Why the Blockchain Represents a Natural Evolution for Traditional Equity Management

Why the Blockchain Represents a Natural Evolution for Traditional Equity Management

There are a number of industries that are now seen as a natural fit for blockchain technology and which feature as likely candidates for major disruption from DLT in the near future: international payments, data privacy, logistics and intellectual property management are prime among them. 

However, the foremost candidate is arguably the least discussed: traditional equity management. The trading of stocks is a cornerstone of finance. Much of it, however, remains inefficient: fees associated with the simple act of buying and selling stocks remain stubbornly high in comparative terms ($25 on average); clearing such transactions generally takes no less than two days; and stock splits – a mechanism that is regularly leveraged within the industry to increase market liquidity – represent organisational friction for companies which require them.

Tens of thousands of back-office operations – as well as many, many more middle-men – have emerged the world over to facilitate global stock transactions, to meet with regulatory compliancy in doing so and to provide general reporting and transparency on the outcomes. 

Friction Eliminated by DLT

On the other hand, pretty much of all of this can now simply be delegated to blockchain-secured smart contracts which, in turn, can provide a more stream-lined service. By endowing a token with the right to represent a share in the equity of a company, transaction fees can essentially be suppressed, clearing can be rendered more or less instantaneous if smart contracts are delegated with the task of managing and guaranteeing the signatures associated with a sale, and stock splits simply become redundant – because a token is, in practical terms, infinitely divisible.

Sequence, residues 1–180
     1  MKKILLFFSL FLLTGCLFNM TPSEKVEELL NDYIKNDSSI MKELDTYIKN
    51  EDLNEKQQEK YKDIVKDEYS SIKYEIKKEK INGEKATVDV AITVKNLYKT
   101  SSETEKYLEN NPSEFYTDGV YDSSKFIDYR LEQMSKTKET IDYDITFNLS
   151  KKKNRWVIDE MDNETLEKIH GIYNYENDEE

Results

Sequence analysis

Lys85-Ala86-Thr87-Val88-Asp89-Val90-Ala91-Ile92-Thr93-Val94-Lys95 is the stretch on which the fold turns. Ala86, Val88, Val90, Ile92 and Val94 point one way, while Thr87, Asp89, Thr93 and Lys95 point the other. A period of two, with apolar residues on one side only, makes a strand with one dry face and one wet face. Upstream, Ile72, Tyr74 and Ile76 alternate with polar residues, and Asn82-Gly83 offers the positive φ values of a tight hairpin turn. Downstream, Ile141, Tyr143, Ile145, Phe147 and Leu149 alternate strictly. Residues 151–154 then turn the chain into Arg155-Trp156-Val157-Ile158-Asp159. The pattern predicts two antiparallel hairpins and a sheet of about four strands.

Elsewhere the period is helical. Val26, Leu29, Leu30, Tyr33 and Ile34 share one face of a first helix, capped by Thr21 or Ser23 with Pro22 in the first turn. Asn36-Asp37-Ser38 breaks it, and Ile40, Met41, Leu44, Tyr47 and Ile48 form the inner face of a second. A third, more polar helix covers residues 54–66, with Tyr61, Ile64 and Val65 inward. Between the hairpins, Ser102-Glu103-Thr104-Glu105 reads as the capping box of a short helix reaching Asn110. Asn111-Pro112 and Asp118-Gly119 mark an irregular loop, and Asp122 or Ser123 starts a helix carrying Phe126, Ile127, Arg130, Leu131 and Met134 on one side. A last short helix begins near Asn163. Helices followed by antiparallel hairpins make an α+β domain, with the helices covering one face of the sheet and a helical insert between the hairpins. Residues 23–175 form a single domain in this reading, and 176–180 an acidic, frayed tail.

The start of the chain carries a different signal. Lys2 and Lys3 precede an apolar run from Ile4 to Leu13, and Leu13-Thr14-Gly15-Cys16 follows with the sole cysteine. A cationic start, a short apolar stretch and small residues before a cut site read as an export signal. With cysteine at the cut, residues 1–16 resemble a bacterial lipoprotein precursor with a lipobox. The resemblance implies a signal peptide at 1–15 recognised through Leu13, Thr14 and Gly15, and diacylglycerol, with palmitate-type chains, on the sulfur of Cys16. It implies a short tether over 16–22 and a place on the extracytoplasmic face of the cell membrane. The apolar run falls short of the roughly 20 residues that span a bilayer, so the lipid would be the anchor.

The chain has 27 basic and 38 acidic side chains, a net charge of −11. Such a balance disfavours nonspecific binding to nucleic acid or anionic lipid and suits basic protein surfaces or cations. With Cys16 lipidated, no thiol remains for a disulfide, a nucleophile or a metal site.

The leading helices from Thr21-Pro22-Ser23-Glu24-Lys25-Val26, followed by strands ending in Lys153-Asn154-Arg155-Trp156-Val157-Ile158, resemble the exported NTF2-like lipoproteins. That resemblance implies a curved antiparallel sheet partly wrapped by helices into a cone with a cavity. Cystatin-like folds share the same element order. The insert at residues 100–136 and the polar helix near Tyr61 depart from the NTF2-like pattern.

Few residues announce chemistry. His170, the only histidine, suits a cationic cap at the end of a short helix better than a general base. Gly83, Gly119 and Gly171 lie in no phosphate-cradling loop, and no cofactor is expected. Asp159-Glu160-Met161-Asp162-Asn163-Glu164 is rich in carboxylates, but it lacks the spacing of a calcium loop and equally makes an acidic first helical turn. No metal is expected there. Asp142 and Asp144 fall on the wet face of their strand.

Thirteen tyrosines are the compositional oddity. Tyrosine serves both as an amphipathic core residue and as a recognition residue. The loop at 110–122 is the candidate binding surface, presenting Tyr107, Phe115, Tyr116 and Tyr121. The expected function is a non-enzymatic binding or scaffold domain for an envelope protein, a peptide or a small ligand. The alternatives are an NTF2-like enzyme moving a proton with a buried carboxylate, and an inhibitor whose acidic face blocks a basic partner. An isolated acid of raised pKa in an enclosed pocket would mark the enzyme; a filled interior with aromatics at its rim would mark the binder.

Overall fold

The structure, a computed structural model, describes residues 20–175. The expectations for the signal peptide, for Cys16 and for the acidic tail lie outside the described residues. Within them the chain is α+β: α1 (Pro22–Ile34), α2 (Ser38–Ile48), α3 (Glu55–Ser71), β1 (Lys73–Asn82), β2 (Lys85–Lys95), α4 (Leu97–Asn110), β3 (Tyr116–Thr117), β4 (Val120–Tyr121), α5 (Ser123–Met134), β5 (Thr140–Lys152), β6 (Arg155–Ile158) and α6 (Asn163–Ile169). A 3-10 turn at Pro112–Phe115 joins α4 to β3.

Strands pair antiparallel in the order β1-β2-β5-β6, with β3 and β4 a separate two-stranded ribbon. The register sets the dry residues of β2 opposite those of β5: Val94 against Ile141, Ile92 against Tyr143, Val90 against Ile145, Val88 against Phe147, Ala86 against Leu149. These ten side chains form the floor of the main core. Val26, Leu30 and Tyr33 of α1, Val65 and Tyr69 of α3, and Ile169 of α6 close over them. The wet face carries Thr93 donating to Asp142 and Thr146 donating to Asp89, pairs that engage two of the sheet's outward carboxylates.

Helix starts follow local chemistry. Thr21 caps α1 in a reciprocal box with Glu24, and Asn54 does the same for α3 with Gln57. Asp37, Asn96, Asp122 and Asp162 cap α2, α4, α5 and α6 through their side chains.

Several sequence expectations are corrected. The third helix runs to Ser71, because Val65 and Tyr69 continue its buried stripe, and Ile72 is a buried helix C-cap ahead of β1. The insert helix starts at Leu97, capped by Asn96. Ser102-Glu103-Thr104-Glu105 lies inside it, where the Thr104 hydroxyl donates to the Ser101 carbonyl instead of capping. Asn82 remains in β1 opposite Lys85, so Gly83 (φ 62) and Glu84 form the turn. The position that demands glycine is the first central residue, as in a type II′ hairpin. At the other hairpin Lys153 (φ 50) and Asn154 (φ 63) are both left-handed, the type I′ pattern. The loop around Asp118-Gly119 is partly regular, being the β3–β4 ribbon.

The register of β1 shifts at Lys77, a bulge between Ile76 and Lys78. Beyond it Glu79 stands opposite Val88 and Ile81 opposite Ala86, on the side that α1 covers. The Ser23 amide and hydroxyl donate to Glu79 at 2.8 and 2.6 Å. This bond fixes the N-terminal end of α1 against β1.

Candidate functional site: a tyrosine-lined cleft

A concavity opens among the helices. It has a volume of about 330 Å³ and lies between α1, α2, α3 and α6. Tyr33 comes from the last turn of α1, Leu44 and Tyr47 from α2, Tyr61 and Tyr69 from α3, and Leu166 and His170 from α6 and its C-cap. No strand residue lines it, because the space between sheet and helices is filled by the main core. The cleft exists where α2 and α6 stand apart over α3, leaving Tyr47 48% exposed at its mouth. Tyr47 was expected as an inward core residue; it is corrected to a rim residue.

According to CDRX, an ICO that is setting out to create a platform that facilitates the tokenisation of securities as well as their trading, the benefits go much further again: tokens can be assigned voting rights, adding transparency and fluidity to management decisions; dividends can be paid out over the blockchain in a much more smoothly and at a higher frequency; and equity investments become much more accessible to smaller investors.   

“We expect crypto-securities to become the ‘killer app’ in a combined financial services market worth more than $600 trillion,” the CDRX team state, outlining their vision in a white-paper  that describes the project’s wider vision of creating what it terms “Crytpo Depository Receipts”. The idea is that, much like their non-crypto counterparts, American Depositary Receipts – certificates which allow non-US companies to be traded on US exchanges – CDRs will become the new norm for international equity investment in the near future. 

There are, as CDRX point out themselves, a number of obstacles before we can get there: private key storage will need to step up to the task – the number of platform hacks in the first half of 2018 alone approached $1 billion – in a market worth just under $250 billion. Trust will need to be earned by building more robust solutions to resist the crypto world’s most resourceful hackers. 

Legal ambiguity represents yet another obstacle: to date, the SEC has been playing it by ear as the token model has increased in profile. Whilst many analysts have lauded the approach, the absence of a clear regulatory framework for crypto in the US may mean that such tokenising projects will likely face some unknowns in their overall development plans. 

However, what appears to be clear now is that security tokenisation is no longer a question of if but simply of when